"Sixth. The said company doth, by exercising the privileges herein granted, agree and bind itself and its assigns to make no claim to the land now occupied by that portion of Eighth Street to be closed, on account of said closing or the privileges herein granted, and doth fully recognize and admit the right of the said city to reopen the said Eighth Street at any time, according to the provisions of this ordinance."
"Seventh. Nothing in this ordinance shall conflict in any way with the ordinance approved May 12, 1886, granting permission to the Richmond and Chesapeake Railroad Company to construct a tunnel under Eighth Street, and should the bridge constructed under this ordinance obstruct in any manner the said tunnel or tracks leading thereto, it shall be changed by the said Richmond and Alleghany Railroad Company within sixty days after receipt of notice from the committee on streets of the said city council requiring such change to be made."
"A copy. Teste: Ben. T. August, City Clerk"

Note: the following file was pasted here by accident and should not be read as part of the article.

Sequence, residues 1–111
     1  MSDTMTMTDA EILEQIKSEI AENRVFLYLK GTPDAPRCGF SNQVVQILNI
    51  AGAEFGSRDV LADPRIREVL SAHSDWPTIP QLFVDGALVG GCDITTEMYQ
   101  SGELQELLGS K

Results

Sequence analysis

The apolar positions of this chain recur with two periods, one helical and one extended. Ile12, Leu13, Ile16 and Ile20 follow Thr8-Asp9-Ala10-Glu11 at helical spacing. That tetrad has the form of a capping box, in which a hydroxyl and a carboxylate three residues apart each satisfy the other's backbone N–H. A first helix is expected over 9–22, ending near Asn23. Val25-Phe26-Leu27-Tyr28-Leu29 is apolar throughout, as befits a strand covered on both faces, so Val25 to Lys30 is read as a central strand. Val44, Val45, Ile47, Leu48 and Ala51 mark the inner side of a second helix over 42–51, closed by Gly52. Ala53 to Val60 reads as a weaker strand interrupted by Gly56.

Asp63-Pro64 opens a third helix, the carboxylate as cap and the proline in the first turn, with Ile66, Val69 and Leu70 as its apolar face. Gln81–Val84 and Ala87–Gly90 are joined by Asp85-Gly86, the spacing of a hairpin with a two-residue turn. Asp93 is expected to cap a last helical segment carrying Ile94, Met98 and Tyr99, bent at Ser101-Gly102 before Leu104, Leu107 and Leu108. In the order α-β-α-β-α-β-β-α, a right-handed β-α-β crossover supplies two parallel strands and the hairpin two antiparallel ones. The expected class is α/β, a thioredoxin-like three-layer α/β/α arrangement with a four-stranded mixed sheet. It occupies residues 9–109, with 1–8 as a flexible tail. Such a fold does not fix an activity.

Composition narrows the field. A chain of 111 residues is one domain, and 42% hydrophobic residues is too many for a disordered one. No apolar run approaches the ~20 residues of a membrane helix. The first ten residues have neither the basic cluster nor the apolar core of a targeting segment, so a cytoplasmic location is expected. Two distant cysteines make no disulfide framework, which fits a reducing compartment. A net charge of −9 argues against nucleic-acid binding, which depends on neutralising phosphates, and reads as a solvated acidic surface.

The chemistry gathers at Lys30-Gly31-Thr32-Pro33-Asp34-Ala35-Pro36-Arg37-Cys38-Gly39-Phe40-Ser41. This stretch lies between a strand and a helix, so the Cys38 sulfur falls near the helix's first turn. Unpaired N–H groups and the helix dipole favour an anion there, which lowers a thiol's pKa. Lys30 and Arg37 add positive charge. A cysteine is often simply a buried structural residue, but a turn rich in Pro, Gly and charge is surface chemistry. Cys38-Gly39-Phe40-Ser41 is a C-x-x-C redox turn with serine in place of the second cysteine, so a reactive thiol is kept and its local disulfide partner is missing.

Virginia Acts of Assembly of 1869-70, pp. 120-146."
"SEC.19. The city council shall have, subject to the provisions herein contained, the control and management of the fiscal and municipal affairs of the city and of all property, real and personal, belonging to the said city, and may make such ordinances, orders and bylaws, relating to the same, as it shall deem proper and necessary. They shall likewise have the power to make such ordinances, bylaws, orders and regulations as they may deem desirable to carry out the following powers which are hereby vested in them:"
"* * * *"
"VII. To close or extend, widen or narrow, lay out and graduate, pave and otherwise improve streets and public alleys in the city, and have them properly lighted and kept in good order, and they shall have over any street or alley in the city, which has been or may be ceded to the city, like authority as over other streets or alleys. They may build bridges in and culverts under said streets, and may prevent or remove any structure, obstruction or encroachment over or under, or in a street or alley, or any sidewalk thereof, and may have shade trees planted along the said streets, and no company shall occupy with its work the streets of the city without the consent of the council. In the meantime, no order shall be made and no injunction shall be awarded by any court or judge to stay the proceedings of the city in the prosecution of their works unless it be manifest that they, their officers, agents or servants are transcending the authority given them by this act, and that the interposition of the court is necessary to prevent injury that cannot be adequately compensated in damages."